Hiroe immediately dropkicks as the match starts, Mio dropkicks her back but Hiroe hits another dropkick and tosses down Mio by the hair. Mio returns the favor and dropkicks Hiroe into the corner before she puts her in a bodyscissors, but Hiroe quickly gets out of it and stretches Mio. Hiroe puts Mio in a crab hold, but Mio gets into the ropes for the break. Stomps by Hiroe and she hits a snap vertical suplex, another suplex by Hiroe and she covers Mio for two. Dropkick to the knee by Mio and she dropkicks Hiroe against the ropes, Hiroe gets back up and the two trade elbows. Dropkick by Mio and she hits a series of jumping crossbodies, but Hiroe kicks out of the eventual cover. Ankle hold by Mio but Hiroe gets to the ropes, Mio pulls Hiroe to the middle of the ring and immediately re-applies the hold. Hiroe manages to get to the ropes again, Mio goes up top but Hiroe elbows her before she jumps off and joins her. Mio headbutts Hiroe back down and goes for a diving crossbody but Hiroe ducks it, Hiroe hits a crossbody of her own and follows up with a vertical suplex for two. Hiroe picks up Mio but Mio hits a series of elbows, she goes off the ropes but Hiroe hits a Northern Lights Suplex Hold for two. She hits another one for another two count, Hiroe goes up top and she delivers a missile dropkick. Hiroe goes for a backdrop suplex but Mio lands on her feet, quick cradle by Mio but she gets a two count. Mio goes for a Rolling Clutch but Hiroe blocks it and they trade flash pins, Hiroe goes off the ropes and she applies the Cassandra for two. Mio jumps on Hiroe’s back and she delivers the JK Bomb (Code Red), and she picks up the three count! Mio Momono wins and advances in the tournament.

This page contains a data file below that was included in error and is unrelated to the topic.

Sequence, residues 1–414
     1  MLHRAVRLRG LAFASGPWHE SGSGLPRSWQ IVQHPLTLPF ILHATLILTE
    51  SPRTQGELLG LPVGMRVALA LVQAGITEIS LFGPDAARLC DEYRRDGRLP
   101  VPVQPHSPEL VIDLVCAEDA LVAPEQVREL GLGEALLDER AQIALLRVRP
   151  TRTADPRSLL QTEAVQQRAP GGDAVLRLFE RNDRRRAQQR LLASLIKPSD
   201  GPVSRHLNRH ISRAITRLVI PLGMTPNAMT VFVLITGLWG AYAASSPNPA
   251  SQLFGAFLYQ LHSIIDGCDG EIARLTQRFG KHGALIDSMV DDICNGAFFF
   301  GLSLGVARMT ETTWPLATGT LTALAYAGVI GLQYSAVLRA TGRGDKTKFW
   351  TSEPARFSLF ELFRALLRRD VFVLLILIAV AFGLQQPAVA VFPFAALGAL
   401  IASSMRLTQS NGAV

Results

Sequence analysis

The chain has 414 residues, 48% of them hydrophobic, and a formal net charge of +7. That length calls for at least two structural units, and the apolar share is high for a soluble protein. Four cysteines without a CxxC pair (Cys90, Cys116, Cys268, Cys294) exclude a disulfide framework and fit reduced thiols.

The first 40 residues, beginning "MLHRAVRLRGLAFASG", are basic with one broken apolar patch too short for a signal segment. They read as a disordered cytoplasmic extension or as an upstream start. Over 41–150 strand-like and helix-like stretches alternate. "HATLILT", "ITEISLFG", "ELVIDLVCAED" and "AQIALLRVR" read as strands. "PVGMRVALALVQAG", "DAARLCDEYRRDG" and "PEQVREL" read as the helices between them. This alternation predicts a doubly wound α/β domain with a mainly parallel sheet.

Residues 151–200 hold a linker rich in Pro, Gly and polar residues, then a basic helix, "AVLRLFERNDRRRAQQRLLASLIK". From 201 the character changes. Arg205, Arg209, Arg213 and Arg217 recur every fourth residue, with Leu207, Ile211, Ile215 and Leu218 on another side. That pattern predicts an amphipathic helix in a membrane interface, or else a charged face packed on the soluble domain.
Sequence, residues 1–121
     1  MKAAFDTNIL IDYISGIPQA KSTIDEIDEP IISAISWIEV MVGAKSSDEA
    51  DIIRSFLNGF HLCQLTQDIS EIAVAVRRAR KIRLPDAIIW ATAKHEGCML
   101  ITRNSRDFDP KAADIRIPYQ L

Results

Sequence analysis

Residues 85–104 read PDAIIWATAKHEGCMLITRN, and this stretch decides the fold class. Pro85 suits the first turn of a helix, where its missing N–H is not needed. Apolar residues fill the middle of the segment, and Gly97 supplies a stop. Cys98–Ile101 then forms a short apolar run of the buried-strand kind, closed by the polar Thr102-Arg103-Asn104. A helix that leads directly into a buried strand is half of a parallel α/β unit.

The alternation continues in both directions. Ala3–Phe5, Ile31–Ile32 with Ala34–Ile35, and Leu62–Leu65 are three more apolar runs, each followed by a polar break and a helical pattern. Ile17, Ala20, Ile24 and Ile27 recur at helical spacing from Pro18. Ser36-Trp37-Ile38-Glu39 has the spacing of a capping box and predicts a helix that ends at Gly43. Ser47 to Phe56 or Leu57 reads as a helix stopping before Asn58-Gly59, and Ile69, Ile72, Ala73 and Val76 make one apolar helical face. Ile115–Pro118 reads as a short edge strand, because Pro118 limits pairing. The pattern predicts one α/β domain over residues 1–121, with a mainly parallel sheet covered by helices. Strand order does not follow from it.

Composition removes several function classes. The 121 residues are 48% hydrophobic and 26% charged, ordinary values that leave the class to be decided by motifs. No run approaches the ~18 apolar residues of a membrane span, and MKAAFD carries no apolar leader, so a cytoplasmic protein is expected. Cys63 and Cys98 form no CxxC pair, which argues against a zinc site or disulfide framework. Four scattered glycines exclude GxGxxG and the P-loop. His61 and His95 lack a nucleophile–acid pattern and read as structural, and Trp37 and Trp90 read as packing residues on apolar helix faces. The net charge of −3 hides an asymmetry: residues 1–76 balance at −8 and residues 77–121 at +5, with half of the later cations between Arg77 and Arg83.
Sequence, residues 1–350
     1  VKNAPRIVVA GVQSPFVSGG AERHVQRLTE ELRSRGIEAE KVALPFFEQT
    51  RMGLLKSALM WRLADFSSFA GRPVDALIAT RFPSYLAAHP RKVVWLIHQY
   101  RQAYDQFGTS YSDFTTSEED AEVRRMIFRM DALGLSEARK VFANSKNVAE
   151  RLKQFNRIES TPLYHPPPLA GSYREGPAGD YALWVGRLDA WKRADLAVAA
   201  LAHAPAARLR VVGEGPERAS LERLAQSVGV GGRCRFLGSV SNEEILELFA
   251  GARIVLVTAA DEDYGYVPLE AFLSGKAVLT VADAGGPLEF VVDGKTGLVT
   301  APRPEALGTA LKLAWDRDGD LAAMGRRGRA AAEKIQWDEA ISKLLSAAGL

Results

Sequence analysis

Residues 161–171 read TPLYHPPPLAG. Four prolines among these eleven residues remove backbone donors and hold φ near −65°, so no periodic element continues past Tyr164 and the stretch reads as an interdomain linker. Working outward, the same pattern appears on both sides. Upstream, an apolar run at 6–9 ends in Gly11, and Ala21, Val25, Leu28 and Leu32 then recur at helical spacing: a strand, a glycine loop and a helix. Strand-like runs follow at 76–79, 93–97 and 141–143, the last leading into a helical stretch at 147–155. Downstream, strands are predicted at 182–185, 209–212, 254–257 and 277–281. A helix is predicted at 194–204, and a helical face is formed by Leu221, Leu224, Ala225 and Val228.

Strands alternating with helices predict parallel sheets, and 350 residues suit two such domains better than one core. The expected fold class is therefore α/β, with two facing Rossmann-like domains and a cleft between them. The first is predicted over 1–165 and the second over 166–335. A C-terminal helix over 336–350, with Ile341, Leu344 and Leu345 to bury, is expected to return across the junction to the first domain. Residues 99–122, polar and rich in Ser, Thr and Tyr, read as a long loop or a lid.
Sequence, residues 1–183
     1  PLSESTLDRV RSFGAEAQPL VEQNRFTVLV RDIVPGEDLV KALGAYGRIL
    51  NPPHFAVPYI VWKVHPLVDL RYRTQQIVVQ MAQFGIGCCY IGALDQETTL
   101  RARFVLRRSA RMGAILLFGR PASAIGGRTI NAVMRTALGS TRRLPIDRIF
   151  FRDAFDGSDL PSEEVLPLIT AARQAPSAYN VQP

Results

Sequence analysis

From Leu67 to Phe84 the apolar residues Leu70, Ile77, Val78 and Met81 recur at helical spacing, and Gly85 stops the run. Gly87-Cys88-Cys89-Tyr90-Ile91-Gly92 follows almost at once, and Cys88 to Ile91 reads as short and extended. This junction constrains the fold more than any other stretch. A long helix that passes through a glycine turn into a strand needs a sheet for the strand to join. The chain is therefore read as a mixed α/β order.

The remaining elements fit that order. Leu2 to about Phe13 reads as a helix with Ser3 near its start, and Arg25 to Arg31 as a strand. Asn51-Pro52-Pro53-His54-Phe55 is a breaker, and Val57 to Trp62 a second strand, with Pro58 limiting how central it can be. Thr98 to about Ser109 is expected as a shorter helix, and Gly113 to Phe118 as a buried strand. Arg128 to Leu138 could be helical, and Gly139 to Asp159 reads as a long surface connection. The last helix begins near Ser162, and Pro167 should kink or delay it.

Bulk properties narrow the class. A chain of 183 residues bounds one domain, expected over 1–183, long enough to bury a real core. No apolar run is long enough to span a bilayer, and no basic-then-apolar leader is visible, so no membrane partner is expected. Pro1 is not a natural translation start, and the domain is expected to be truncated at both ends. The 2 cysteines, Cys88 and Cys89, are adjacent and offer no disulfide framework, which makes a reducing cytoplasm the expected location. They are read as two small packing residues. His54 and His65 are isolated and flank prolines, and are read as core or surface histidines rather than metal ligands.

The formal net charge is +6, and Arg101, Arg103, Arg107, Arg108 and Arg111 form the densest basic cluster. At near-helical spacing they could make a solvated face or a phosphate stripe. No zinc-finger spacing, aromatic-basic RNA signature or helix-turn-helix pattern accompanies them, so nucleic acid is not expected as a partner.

Even though this was a bit basic, I still really enjoyed it. Mio and Hiroe are both examples of wrestlers that give me continued hope for the future of Joshi, as both have the passion that is needed to succeed. Not saying either will be the next Manami Toyota, but they are fun to watch and only getting better. A fast paced match but with some sound submissions as well, an entertaining match between two growing stars. Recommended
Rina Yamashita vs. Satsuki Totoro
Of the four matches in the tournament, this is the biggest mismatch. Rina Yamashita is the young future Ace of WAVE, she had a run with the title already this year and is also a major player in OZ Academy and SEAdLINNNG as well. Satsuki is a rookie from Ice Ribbon that has gotten a bit of a push but hasn’t shown much to me since debuting in March. She’s an older rookie at 28 which is probably why she is getting bigger matches, but hopefully she will start showing more improvement to justify her placement.
They start with trading wristlocks and headlocks, they both go for shoulderblocks with Rina eventually knocking Satsuki to the mat. Rina picks up Satsuki and eventually manages to hit the scoop slam, Rina stomps Satsuki against the ropes before putting her in a Scorpion Deathlock. Satsuki gets to the ropes for the break, Rina elbows Satsuki into the corner and hits a series of lariats, cover by Rina but Satsuki gets a shoulder up. Satsuki finally knocks down Rina with a hard shoulderblock but Rina avoids her senton attempt, Rina picks up Satsuki but Satsuki hits a scoop slam. Senton by Satsuki, and she covers Rina for two. Crab hold by Satsuki but Rina reaches the ropes, stomps by Satsuki and she hits a body avalanche in the corner for a two count cover. Satsuki picks up Rina but Rina slides away and puts Satsuki in the sleeper, which Satsuki promptly gets out of by jumping backwards onto Rina. Elbows by Satsuki but Rina elbows her, Satsuki elbows her back but Rina drops her with a brainbuster. Lariat by Rina and she knees Satsuki in the back, another knee by Rina and she kicks Satsuki in the head. Back bodydrop by Satsuki and she hits a rolling fireman’s carry, diving senton by Satsuki and she covers Rina for a two count. Satsuki goes off the ropes and hits a jumping crossbody, she goes off the ropes again but Rina catches her with a lariat. Rina waits for Satsuki to get up and she hits a final lariat, picking up the three count! Rina Yamashita is your winner and advances in the tournament.